The nodal network access, of entry-exit” type, is the most suitable Access tariffs and capacity limits should only be practiced at the “entry” and “exit” points of the transmission networks. Transmission tariffs of “entry – exit” type currently seem a solution that goes without saying, but things haven’t been so easy for those who promoted it 15 years ago.
Explicit allocation, either bilateral or centralized, is a cumbersome and unfriendly procedure for electricity trade
The network capacity model we have been proposing for many years extends the application of the nodal principle to the allocation of the transmission service volume. Power exchanges will be able to implicitly allocate, this time based on clear data, the available capacity to the network connection point, no longer being involved in the calculation and adjustment of power transfers through the network, operations which they cannot handle.
The control of critical power transfers relates to TSO operations, which will also support financially the effect of deviations from the notified transactions, on account of resources offered by the nodal tariff of network access. TSO will become really interested to increase network capacity and flexibility.
Integration of renewable energy in the energy market will be boosted without the TSO to be financially responsible for its balancing.
Romania has much to gain if it simplifies access for traders to increasingly larger interconnection capacities
Not necessarily by massive export of electricity. In good years, competitive energy for export accounted for 5-7% of total generation. Most likely, electricity export will continue to remain in 2020 at these levels. If a boom of export volumes is unlikely, there are however great opportunities for a better use of network capacity, of flexibility of conventional energy sources that are ancillary service suppliers, of alternative sources potential, currently limited to the insufficient balancing. It would also be a good signal for realizing the interconnection around the Black Sea (BS ring) and for energy transits from Russia and Ukraine to Turkey and Greece, or to Italy, Austria and Germany.
Unconventional energy would benefit especially from fast access and in large amounts to foreign markets and from cheaper balancing. Benefits would be maximized if we also had a national program of power grid development and a clear electricity law in terms of responsibilities on the development and flexibility of power grids. Unlike the EU, U.S., UK, Germany and many other developed countries, we don’t have a power transmission grid program supported by the state aiming at eliminating congestions and transmitting renewable energy. The completion of the inner transmission ring at 400kV , cross-border 400kV lines Suceava – Bălţi, Săcălaz – Novi Sad and submarine cable interconnection with Turkey are waiting for years to be executed.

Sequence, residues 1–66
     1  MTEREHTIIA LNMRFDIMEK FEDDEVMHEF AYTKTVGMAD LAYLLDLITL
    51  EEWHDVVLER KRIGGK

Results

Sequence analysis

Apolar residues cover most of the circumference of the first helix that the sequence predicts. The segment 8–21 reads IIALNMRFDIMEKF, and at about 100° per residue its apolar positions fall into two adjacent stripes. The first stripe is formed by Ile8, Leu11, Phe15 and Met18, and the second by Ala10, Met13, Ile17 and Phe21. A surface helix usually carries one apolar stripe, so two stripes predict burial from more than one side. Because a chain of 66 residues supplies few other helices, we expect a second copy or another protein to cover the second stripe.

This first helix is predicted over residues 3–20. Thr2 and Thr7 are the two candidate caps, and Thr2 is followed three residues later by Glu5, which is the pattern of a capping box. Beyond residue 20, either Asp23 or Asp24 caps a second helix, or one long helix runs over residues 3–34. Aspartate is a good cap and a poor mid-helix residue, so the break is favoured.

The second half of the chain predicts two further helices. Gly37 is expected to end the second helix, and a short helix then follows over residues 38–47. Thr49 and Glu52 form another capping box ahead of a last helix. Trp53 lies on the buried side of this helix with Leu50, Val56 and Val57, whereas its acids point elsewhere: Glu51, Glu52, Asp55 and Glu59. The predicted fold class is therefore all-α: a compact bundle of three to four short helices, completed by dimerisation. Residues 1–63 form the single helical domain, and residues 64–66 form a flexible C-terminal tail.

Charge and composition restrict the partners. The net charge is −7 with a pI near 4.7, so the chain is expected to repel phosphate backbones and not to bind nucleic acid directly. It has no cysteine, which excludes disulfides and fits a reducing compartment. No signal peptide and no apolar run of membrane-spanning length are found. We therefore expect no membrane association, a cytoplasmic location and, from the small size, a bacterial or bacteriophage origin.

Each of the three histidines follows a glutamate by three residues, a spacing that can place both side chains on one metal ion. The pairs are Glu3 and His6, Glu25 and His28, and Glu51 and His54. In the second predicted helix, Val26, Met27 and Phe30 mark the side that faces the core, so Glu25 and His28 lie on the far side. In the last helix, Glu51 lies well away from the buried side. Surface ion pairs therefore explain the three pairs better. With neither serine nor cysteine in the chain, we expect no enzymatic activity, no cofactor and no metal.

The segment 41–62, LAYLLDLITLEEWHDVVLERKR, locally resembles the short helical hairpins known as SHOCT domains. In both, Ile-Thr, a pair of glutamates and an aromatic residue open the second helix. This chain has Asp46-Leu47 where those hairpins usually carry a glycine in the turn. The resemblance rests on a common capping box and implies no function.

All the significant projects should be included in one of the 12 corridors and energy areas of the trans-european infrastructure, for which the EU provides support in financing and authorization. Romania did not propose enough projects as against to the neighbouring countries, which it presented summarily or merely sketched. We focused on grid integration of nuclear units, although the EU funds with priority the infrastructure necessary to integrate renewables and achieve the Caspian Sea and Black Sea “rings”. The message sent in Brussels, of tempering investments in renewables, has rather been contrary to European policies. The Cluj – Oradea line (or the Cluj – Mintia alternative) misses from proposals, of great interest for the pumped-storage hydropower station Tarniţa. Which is also missing, although Bulgaria proposes one of 800MW. Interconnections at 400kV voltage with Moldova and Turkey are not included either.
Fast access and high volumes
Transmission congestion management remains the main challenge of the European electricity markets. The market coupling model currently promoted by Brussels is lacking efficiency and may induce security risks even if it claims an estimate of power flows. The truly competitive single market and with real network support requires a nodal network access model, of “ entry – exit” type. Our country would have much to gain from rapid access and at high volumes to the regional markets.
Jean Constantinescu is director and senior energy consultant & researcher at ROENP. He also led as president Transelectrica, ANRE and IRE.